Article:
AN INSCRIBED PRESENTATION COPY OF HOPKINS’ MISCELLANY POEMS, PUBLISHED BY HIS GRASSHOPPER PRESS
HOPKINS, Kenneth. Miscellany Poems. London: A.A. Tanner and Son for The Grasshopper Press, 1946.
Octavo in 12s (210 x 130mm), pp. . (Very lightly creased, offsetting from staples on inner gutters). Stapled into original green printed wrappers, as issued. (Extremities very lightly rubbed and bumped, upper margin of lower wrapper a little darkened, staples somewhat oxidised.) A very good copy in the original wrappers. Provenance: ‘Joan’ (autograph presentation inscription on half-title ‘To Joan – if she collects poetalia, Kenneth’).
First edition. The poet and novelist Kenneth Hopkins (1914-1988) founded the Grasshopper Press because, as he explained in his autobiography The Corruption of a Poet (1956), ‘nobody else would publish my poems’ (p. 224). He was a member of the Saturdays, a London literary club for the appreciation of poetry which was active from the 1940s to the 1960s, and later established the Warren House Press. In addition to his career as a writer and publisher, Hopkins edited anthologies of literature and poetry, and also lectured at a number of American universities. Prefaced with a dedicatory letter from Hopkins to John Cowper Powys (with whose brother Llewelyn he corresponded, and whose works and circle he would write about for the next few decades), Miscellany Poems are Hopkins’ ‘fugitive pieces’ – poems that had not been published elsewhere. The poems address, among other things, the impact of war, and ‘Apology’ states with Hopkins’ characteristic wit that ‘nothing is here that has not been liked by someone, if only myself’ (p. ).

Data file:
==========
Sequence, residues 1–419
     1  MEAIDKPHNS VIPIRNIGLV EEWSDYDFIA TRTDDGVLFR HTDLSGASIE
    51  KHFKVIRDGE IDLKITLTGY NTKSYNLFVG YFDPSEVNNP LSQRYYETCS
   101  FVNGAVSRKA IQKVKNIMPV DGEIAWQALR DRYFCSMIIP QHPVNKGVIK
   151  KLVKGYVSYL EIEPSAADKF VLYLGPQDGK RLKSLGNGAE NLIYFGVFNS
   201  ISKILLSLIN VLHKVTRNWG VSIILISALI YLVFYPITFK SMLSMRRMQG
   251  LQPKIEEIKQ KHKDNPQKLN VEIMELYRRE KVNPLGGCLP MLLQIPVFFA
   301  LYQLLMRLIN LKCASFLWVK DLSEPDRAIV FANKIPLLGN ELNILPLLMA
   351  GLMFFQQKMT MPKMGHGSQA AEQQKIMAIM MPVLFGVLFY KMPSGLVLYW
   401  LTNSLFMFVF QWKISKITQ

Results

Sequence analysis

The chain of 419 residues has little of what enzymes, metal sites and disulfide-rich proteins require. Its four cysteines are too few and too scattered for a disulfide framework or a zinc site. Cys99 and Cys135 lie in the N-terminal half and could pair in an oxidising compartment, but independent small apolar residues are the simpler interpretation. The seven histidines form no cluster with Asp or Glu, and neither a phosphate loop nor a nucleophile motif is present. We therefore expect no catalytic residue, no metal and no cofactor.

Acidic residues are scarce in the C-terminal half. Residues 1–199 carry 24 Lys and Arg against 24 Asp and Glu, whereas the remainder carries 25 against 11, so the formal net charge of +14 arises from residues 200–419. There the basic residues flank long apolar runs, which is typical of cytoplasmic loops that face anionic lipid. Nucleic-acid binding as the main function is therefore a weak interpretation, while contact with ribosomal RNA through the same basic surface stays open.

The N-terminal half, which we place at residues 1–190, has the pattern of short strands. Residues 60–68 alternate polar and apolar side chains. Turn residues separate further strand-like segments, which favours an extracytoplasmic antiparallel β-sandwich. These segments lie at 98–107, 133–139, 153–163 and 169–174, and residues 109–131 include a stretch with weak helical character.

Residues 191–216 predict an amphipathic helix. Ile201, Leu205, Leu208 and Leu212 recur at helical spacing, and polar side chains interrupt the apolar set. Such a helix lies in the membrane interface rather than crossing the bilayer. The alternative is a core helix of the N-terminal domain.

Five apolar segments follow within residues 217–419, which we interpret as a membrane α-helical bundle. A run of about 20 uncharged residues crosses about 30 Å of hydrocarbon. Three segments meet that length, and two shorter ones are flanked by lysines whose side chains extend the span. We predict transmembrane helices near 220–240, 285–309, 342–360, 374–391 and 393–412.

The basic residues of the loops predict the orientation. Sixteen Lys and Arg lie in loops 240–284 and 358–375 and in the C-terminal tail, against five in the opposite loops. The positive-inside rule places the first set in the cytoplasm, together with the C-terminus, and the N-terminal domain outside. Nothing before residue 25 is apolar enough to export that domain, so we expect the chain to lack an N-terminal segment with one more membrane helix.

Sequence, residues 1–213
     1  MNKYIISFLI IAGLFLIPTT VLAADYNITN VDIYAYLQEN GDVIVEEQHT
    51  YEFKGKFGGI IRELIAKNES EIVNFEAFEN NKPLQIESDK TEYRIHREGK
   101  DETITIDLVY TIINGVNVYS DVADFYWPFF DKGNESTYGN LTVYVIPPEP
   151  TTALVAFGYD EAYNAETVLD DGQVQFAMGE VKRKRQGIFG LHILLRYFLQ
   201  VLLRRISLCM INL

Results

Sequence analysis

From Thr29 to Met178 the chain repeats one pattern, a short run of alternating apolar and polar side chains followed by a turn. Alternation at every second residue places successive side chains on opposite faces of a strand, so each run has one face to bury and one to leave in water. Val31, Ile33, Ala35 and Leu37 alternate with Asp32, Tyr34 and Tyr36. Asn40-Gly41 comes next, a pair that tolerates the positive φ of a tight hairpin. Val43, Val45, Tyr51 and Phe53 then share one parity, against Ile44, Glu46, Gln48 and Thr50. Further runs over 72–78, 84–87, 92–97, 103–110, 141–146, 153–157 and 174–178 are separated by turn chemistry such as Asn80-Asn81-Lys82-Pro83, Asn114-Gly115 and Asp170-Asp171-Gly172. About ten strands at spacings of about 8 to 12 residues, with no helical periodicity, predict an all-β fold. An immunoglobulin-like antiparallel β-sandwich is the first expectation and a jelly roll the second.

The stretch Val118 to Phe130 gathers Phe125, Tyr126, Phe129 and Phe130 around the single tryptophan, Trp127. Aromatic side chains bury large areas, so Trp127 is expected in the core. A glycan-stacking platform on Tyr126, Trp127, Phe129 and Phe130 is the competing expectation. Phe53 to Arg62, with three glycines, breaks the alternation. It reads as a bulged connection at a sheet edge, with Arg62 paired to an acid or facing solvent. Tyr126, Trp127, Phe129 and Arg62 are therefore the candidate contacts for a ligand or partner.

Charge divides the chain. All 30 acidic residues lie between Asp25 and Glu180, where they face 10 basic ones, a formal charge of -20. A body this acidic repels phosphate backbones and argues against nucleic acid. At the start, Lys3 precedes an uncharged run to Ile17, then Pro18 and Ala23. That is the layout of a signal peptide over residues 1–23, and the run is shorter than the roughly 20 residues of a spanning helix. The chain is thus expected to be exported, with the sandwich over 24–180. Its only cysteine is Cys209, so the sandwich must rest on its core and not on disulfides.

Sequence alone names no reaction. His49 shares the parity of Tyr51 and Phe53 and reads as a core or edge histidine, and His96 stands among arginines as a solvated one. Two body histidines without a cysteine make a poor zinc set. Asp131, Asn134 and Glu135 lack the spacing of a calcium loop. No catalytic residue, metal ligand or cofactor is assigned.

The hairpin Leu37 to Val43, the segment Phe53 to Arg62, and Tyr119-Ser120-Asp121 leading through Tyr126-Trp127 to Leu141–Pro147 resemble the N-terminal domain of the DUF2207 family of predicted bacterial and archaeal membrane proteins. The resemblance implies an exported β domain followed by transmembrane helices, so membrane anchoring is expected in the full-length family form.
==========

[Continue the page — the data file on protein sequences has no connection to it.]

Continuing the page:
The ‘Joan’ to whom this copy was inscribed may have been the bookseller and publisher Joan Stevens (d. 2015), who (with her husband Eric) had a wide circle of literary associates, including Iris Murdoch and Max Reinhardt of The Bodley Head. Joan Stevens was an expert on Powys and (like Hopkins) was much involved in the Powys Society; certainly, the use of the whimsical term ‘poetalia’ in the inscription makes it likely that she was indeed the recipient of this copy.
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